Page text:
The lead scientists of Voyager said, "This is an unparalleled journey, and we're still in the process of discovering what's out there."
Forty years ago today, the Voyager 1 space probe left Earth for the stars, where it is now the farthest man-made object from Earth.
On September 5th, 1977 the Voyager 1 probe was fired into space, just a week after its twin, Voyager 2 had been launched. Their mission was to tour the solar system’s outer planets of Jupiter, Saturn, Uranus and Neptune. Voyager 1 was equipped with cameras and scientific instruments which it used to collect data on the planets and transmit it to Earth, which is now 12.9 billion miles away.
In an interview with Space.com, Ed Stone, one of the lead scientists of the Voyager project at NASA said, “When we launched, the Space Age itself was only 20 years old, so this is an unparalleled journey, and we’re still in the process of discovering what’s out there.”
Voyager 1 gave us some of the first up-close pictures of Jupiter and its moons, and witnessed the first active volcano observed outside of Earth, on Jupiter’s moon Io. It buzzed by Saturn, and transmitted important data on the planet, including the atmospheric composition of its moon Titan.
These important discoveries lead to a greater understanding of our solar system and contributed to future efforts to explore the outer planets, and Voyager 1’s data was invaluable in creating the Cassani, New Horizons, and Juno probes.
On February 14, 1990, Voyager 1 took the first photo of all the planets of our solar system from the opposite vantage point. It also took the photo of the “Pale Blue Dot,” an image of the Earth that Carl Sagan famously used to illustrate his view of humanity in the seminal documentary TV series Cosmos.
But perhaps most important of all that Voyager 1 has accomplished, is the information that it has provided scientists since leaving the solar system.
In On August 25, 2012, Voyager 1 broke out of the heliosphere, the bubble like region of space dominated by the Sun, and into interstellar space beyond our solar system. Though it was likely not the first manmade object to do so, as early-1970s space probes Pioneer 10 and 11 were projected to have already left the solar system, it was the first to do so while still remaining in contact with the Earth.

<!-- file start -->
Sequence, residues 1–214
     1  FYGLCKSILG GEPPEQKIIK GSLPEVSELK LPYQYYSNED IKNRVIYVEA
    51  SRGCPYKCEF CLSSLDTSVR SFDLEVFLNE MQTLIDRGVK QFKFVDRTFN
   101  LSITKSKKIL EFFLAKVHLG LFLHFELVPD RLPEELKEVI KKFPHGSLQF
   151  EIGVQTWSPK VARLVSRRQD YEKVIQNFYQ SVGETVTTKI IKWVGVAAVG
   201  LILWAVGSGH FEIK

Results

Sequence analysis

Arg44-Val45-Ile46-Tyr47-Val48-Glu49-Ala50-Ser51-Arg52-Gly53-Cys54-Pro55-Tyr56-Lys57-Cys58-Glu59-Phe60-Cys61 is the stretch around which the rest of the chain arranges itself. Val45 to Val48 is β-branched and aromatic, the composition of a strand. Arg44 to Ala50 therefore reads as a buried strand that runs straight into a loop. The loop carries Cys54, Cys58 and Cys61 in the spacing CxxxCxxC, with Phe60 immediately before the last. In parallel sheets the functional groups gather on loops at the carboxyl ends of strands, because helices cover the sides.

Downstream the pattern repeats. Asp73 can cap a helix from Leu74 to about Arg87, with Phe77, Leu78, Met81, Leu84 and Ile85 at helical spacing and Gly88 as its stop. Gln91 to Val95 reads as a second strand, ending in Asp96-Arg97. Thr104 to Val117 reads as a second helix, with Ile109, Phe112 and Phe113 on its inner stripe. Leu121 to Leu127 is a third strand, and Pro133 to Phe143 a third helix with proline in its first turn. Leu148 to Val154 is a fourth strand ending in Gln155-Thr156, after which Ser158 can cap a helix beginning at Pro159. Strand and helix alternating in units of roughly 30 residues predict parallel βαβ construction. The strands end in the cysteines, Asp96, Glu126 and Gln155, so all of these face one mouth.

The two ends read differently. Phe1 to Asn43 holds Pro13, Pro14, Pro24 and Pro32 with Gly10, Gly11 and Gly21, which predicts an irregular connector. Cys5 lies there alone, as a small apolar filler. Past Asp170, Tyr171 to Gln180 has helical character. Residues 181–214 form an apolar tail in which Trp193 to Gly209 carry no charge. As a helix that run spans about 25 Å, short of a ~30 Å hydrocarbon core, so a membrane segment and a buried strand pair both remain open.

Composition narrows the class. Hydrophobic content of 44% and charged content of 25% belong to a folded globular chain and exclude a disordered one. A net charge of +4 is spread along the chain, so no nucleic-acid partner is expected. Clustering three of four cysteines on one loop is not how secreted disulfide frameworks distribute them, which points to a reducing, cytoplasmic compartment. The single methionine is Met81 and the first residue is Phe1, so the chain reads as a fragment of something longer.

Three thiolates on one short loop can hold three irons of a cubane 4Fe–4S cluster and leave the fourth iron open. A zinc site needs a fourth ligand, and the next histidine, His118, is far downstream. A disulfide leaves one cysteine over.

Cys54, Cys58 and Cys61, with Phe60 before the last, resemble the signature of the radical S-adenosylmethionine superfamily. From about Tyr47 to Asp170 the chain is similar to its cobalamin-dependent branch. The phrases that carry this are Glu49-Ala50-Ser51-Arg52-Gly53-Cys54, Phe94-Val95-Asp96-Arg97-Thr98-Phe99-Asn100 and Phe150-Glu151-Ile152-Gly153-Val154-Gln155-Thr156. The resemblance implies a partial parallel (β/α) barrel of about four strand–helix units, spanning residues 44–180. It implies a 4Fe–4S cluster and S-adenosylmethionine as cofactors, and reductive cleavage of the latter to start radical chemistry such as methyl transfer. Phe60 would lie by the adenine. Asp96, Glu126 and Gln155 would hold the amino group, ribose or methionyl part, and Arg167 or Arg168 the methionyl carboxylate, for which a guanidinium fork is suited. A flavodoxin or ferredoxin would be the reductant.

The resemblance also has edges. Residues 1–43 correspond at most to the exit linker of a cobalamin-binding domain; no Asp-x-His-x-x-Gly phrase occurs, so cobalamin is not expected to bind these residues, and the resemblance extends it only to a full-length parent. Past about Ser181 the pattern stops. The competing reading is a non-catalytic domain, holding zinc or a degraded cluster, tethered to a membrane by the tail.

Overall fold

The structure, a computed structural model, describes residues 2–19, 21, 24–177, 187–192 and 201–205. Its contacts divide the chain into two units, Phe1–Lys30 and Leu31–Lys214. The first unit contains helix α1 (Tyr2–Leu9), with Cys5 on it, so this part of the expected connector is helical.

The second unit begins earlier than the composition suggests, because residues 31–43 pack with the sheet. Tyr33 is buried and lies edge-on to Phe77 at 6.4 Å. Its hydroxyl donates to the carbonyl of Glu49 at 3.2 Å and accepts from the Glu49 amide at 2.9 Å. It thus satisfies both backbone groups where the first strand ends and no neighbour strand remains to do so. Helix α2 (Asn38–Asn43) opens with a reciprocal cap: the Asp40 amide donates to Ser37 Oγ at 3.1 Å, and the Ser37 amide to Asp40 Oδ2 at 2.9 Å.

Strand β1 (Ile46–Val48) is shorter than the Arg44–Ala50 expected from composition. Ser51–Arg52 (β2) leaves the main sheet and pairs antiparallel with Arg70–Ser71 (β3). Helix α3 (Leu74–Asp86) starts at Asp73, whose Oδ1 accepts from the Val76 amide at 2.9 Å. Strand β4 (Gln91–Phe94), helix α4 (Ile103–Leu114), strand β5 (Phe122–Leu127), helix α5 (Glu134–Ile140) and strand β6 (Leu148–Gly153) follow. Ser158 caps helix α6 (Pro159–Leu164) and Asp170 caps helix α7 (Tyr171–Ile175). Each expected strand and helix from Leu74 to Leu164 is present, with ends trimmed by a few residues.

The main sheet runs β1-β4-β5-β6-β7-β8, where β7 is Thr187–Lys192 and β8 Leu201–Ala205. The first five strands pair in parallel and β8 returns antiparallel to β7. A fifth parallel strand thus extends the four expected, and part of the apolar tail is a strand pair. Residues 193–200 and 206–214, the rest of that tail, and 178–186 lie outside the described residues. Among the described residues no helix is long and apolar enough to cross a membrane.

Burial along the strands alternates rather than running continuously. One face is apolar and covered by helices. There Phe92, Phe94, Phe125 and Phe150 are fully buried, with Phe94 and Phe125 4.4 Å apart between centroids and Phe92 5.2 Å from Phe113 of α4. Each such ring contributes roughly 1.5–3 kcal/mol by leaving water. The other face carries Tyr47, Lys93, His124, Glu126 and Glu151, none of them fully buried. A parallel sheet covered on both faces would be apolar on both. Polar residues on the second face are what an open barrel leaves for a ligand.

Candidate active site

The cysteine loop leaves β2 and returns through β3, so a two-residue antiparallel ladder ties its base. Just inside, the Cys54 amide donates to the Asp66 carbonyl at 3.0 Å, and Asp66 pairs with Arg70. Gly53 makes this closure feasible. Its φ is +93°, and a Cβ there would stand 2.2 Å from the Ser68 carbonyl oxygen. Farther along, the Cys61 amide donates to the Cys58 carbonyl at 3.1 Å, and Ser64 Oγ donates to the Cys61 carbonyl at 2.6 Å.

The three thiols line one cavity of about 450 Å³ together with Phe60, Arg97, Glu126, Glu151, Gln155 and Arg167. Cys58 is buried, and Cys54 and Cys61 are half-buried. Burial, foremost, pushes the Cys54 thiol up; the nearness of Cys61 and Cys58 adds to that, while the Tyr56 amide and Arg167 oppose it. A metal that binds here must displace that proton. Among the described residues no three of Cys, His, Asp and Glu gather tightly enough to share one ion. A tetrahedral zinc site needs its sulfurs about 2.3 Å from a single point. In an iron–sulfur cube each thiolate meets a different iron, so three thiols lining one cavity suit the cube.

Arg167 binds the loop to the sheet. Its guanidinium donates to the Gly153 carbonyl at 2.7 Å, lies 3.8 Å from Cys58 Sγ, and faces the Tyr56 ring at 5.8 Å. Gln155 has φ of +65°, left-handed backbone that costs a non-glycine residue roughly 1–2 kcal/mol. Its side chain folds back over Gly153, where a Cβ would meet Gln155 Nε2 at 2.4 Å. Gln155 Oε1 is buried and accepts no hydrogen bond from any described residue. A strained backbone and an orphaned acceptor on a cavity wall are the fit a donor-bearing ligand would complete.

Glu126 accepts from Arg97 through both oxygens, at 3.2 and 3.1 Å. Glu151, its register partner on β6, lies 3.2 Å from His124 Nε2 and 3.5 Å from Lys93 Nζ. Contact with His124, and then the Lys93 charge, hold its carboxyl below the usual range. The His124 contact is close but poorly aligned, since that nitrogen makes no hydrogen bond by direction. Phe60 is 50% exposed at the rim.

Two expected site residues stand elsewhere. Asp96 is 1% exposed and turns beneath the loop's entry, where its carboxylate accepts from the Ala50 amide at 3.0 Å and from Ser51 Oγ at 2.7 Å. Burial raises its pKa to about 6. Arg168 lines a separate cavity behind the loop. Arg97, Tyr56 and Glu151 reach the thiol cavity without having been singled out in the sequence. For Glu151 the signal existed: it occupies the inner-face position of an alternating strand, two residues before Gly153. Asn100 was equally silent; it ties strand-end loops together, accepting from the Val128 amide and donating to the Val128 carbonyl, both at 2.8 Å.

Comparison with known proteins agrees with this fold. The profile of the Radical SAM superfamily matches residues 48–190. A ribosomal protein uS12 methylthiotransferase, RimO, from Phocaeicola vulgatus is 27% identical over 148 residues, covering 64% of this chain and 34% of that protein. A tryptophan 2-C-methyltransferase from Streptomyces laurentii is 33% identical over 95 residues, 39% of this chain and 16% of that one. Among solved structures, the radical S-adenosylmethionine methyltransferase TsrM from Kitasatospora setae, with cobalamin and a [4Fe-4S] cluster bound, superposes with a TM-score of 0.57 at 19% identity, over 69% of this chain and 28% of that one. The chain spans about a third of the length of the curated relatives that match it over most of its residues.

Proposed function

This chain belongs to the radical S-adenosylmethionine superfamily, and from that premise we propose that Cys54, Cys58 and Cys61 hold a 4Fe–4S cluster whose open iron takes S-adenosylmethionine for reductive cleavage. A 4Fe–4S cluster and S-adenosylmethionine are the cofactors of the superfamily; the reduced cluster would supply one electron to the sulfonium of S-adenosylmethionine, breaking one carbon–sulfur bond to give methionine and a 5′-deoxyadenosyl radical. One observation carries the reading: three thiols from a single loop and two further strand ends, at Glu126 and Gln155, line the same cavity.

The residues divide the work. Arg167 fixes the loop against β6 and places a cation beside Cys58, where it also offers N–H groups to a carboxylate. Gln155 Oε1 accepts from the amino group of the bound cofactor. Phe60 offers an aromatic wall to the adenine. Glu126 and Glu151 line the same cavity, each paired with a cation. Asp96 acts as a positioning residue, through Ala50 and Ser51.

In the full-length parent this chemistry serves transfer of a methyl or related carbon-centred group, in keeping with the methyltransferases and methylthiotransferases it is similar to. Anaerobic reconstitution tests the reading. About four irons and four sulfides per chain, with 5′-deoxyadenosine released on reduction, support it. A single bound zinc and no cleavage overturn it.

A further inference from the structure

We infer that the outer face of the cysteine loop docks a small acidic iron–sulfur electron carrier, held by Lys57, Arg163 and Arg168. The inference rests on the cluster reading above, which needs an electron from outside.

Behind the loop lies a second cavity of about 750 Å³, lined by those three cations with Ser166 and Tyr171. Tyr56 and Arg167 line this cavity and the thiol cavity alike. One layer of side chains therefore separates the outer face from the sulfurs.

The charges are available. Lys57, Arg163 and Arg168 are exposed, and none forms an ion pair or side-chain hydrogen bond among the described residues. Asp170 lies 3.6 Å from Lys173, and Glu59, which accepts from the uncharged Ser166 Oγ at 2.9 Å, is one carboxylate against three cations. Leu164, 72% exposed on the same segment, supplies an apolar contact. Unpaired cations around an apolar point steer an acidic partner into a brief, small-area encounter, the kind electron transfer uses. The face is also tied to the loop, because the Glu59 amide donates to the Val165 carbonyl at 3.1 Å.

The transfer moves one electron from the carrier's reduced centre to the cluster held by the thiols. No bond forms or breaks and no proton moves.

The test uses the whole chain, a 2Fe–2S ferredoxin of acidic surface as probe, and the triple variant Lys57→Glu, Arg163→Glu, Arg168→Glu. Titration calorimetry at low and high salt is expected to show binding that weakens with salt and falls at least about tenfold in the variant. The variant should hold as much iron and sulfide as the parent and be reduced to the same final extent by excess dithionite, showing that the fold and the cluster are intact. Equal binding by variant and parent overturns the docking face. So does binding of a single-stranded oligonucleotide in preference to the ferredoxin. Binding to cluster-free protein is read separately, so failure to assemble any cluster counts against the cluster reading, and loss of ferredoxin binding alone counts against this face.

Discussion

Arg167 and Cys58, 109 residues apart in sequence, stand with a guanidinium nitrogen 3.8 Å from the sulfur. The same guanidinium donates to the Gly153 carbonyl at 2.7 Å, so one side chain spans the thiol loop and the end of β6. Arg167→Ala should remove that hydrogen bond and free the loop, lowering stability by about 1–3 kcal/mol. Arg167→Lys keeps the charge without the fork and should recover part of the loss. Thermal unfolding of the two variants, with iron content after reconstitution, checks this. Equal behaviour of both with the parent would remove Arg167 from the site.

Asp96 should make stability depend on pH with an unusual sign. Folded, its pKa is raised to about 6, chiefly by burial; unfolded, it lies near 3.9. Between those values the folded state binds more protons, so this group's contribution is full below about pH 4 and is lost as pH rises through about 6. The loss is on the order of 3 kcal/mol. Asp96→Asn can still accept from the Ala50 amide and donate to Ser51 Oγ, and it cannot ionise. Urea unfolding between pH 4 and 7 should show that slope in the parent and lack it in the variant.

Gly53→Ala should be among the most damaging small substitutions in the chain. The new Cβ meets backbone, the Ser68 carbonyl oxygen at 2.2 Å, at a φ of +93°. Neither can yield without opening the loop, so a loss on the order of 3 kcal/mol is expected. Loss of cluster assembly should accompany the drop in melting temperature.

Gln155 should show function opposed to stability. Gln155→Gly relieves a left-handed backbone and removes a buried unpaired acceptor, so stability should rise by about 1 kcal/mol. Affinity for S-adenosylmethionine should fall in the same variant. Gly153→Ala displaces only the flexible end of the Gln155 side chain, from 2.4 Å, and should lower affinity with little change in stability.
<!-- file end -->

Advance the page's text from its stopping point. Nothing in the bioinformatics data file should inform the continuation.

Stone explains that within the heliosphere “the wind is from the sun and the magnetic field is from the sun,” and outside “the wind is from the explosion over millions of years of supernovae, and where the magnetic field is the magnetic field of the Milky Way galaxy itself.”
Voyager 1 has already sent back information describing how these solar and interstellar winds interact — knowledge that would be integral to designing a space craft for interstellar travel. Now, as it has travelled beyond any other manmade object before it, Voyager one is forging a new path through the cosmos for human discovery.
Aboard the probe is one of the two “Golden Records,” gold-plated audio-visual discs created by NASA as a time capsule of mankind, designed to explain our existence to far off creatures.
On the disc, are encoded the sights and sounds of Earth, including images of people doing daily tasks and recordings of traditional, classical and modern music.
It also contains a one hour recording of the brainwaves of Ann Druyan, the creative director of the Golden Records project.
You can read here about what exactly was inscribed on this record.
The other Golden Record was attached to the Voyager 2 probe, which took a detour to visit Uranus and Neptune, before heading on its trajectory out of the solar system.
Now, 40 years later, Voyager 1 still continues on its lonely journey, leaving behind the solar system where it was created, deeper into the reaches of interstellar space. Farther from us than anything else created by man, the probe continues to search into the dark, revealing the mysteries of this unexplored world.
In approximately the next three years, the Voyager 1’s capability to monitor the outside world and relay it back to Earth will slowly degrade, due to its power limitations. By 2020 the scientific instruments aboard the probe will begin to shut down, and by 2030, Voyager 1 will be unable to power any of its scientific instruments.
However until that date, the probe will continue to send new, important, and interesting data to us on Earth, data that will likely help to create a much more durable interstellar probe, and push forward the march of scientific knowledge. You can track the location of both Voyager probes on NASA’s website.